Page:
Doesn't really occur to Sam until afterwards.
Dean figures it out the second they talk. Like his brother's been waiting for him to screw up, to screw off--with another monster, no less.
Lying makes him feel like a petulant teenager, but there's no way he can tell the truth. No way he can explain to Dean that he did it to feel alive, to feel something, anything. His life is all pain and work and grief, and one night of sex--
Well, it's just proof that Sam may be human after all.
It's also Dean who points out the track record. Madison, Ruby, the doctor.
Werewolf, demon, siren.
He wishes he could lie his way out of that part, but Dean's telling the truth, and Sam sort of wishes there was some way to change it, some way to change the scorn in his brother voice, but Sam can't help but think he's earned that much.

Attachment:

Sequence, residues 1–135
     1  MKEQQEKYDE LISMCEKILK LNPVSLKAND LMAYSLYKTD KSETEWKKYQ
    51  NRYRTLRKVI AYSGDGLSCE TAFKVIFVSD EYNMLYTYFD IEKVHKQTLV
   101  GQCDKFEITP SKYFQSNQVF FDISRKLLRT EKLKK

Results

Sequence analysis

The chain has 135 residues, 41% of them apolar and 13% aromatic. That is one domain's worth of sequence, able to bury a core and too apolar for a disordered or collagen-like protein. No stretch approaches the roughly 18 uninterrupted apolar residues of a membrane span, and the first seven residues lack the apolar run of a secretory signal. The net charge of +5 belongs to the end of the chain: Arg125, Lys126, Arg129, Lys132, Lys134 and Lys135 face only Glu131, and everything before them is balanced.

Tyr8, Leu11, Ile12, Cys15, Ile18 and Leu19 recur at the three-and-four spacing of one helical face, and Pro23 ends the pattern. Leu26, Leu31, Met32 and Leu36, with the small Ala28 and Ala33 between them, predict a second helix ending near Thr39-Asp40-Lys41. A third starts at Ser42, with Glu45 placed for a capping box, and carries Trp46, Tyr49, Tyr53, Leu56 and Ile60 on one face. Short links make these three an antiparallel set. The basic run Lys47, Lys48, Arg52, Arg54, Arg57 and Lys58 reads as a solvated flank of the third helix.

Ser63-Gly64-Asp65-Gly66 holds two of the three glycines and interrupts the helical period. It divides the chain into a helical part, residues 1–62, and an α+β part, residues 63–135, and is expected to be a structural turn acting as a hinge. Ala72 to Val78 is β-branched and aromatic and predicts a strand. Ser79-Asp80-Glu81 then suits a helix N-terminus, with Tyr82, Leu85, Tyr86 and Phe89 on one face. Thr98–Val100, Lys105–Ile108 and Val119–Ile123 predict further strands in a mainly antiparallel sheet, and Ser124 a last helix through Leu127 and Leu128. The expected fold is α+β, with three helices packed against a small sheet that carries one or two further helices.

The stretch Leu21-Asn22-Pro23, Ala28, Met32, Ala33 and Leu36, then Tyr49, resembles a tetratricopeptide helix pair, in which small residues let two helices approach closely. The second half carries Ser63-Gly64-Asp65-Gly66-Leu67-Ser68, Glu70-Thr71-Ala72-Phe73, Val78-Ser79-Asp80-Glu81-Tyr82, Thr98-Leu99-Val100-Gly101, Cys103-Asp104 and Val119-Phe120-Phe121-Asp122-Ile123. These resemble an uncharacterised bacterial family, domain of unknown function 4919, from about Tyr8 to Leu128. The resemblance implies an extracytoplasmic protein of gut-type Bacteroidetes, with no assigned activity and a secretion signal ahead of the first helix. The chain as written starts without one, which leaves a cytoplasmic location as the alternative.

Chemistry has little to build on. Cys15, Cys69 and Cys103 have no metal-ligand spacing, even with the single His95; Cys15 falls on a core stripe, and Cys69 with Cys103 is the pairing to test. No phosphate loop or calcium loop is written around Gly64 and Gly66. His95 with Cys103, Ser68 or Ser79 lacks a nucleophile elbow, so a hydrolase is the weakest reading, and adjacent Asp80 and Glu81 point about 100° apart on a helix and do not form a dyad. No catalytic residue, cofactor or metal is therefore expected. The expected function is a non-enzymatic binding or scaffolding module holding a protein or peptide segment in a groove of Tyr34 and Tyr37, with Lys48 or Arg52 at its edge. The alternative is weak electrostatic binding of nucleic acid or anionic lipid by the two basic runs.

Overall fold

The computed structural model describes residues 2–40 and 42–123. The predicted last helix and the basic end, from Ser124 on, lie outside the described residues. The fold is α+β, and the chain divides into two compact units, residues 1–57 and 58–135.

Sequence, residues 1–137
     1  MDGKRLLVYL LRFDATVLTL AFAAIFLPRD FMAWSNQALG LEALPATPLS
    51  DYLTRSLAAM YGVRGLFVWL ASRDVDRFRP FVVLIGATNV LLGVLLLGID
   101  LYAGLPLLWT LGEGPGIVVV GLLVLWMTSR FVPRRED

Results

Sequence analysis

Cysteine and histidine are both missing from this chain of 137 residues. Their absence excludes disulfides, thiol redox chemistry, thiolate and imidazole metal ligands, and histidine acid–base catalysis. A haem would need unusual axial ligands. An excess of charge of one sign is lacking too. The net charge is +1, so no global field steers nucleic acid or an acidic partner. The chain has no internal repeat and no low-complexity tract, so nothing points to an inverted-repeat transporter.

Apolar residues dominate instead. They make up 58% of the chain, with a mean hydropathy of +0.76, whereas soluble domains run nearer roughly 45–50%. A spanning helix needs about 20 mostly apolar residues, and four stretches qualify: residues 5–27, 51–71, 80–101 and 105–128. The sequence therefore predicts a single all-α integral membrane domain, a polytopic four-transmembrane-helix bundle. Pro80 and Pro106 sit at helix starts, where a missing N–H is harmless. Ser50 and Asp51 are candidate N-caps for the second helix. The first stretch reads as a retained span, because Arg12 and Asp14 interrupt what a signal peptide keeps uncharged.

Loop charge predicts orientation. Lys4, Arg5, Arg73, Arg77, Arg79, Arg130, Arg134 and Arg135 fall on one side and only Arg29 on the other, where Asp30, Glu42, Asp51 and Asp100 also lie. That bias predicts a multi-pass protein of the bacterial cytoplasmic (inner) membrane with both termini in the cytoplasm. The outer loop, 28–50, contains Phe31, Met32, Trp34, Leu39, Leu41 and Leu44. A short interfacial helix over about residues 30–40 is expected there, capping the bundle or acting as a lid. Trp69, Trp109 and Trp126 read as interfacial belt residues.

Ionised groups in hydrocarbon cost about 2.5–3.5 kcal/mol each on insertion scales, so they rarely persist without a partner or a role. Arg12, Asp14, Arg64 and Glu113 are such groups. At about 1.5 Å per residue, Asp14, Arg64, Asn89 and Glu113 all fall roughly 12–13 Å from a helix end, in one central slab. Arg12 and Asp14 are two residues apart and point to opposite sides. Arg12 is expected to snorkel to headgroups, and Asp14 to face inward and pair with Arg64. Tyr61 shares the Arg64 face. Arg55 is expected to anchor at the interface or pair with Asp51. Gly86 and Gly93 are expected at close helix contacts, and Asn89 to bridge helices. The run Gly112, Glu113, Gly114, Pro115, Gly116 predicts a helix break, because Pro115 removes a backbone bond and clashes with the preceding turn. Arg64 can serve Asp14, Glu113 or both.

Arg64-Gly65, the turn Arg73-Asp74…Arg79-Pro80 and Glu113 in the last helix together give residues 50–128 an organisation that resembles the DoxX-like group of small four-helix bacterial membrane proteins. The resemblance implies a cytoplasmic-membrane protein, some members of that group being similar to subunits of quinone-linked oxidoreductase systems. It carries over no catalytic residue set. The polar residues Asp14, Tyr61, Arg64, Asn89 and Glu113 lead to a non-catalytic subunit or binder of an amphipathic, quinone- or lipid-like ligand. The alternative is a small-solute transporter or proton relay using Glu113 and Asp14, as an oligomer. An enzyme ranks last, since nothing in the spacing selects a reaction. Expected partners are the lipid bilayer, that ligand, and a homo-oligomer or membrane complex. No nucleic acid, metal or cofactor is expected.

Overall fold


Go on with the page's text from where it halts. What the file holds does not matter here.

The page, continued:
Dean knows about Ruby.
He knows about the sneaking around, the lying.
Sam should have seen that coming, but he's too far in it, and he sort of needed to believe that he could have his cake and eat it, too. That he could hunt Lilith and stay with Dean and that Dean didn't have to be hurt by it, not yet, anyway.
Dean's apparently not going to believe it. He tells Sam that he's changed, that he's different, and that he can't trust Sam anymore.
Sam tries to deny it, almost out of reflex, but Dean's right. He's right, just like always, and as long as they're being honest, Sam may as well make it count.
It's funny, though, the one lie he starts to tell, the one thing he tries to deny, and all the other things were true.
Because Dean is holding him back, keeping him from completing that one thing that really matters, from finding Lilith, from killing her. She's the key, she's the thing standing between them and a happy ending. If Sam can stop her, then Sam can give Dean the one thing left that matters, the one thing he's failed at. Because Dean doesn't deserve bloody and sad, he's already had bloody and sad, and Sam needs to give him something more and sometimes Sam feels like the one thing standing in the way of that is Dean himself.